Socio-Technical Approaches are Needed for Innovation in Fisheries

Alyne Delaney, David G. Reid, Christopher Zimmermann, Marloes Kraan, Nathalie A. Steins, Michel J. Kaiser*

*Corresponding author for this work

Research output: Contribution to journalEditorialAcademicpeer-review

4 Citations (Scopus)

Abstract

We reflect on the innovation process that led to the development of the pulse trawl that was successfully trialed at a commercial scale, but eventually ended with the European Parliament passing legislation to ban its use. The ban was imposed despite published and emerging evidence that suggested that the environmental performance and catch efficiency of the pulse trawl was superior to the conventional beam trawl design. We used a stakeholder questionnaire to understand which factors undermined wider acceptance of the pulse trawl. The main factors where a lack of involvement of certain key stakeholders earlier in the process that would have ensured better co-development of innovation and a shared vision of the environmental or governance questions that needed to be addressed. Although the stakeholder process itself was seen to be positive, it was implemented too late in the innovation process, as was the implementation of an independent peer review process. We conclude by identifying a pathway for future fishing gear innovation processes that integrate the lessons learnt from the pulse trawl innovation process.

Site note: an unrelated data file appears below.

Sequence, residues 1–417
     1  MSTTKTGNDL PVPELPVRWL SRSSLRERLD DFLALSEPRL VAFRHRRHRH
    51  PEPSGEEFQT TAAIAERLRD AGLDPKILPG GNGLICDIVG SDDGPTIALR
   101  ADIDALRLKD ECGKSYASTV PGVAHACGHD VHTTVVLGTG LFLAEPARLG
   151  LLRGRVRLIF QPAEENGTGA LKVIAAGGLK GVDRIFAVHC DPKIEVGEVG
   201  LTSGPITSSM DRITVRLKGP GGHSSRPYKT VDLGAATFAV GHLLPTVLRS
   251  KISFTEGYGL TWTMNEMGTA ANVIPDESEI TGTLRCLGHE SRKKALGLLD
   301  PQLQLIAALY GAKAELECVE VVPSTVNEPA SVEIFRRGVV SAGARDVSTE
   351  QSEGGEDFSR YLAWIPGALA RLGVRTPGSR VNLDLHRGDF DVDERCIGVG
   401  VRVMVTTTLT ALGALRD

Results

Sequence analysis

Original languageEnglish
Pages (from-to)161-179
Number of pages17
JournalReviews in Fisheries Science & Aquaculture
Volume31
Issue number2
Early online date15 Mar 2022
DOIs
Publication statusPublished - 3 Apr 2023

Keywords

  • trawling
  • innovation
  • stakeholders
  • environmental impacts
  • governance

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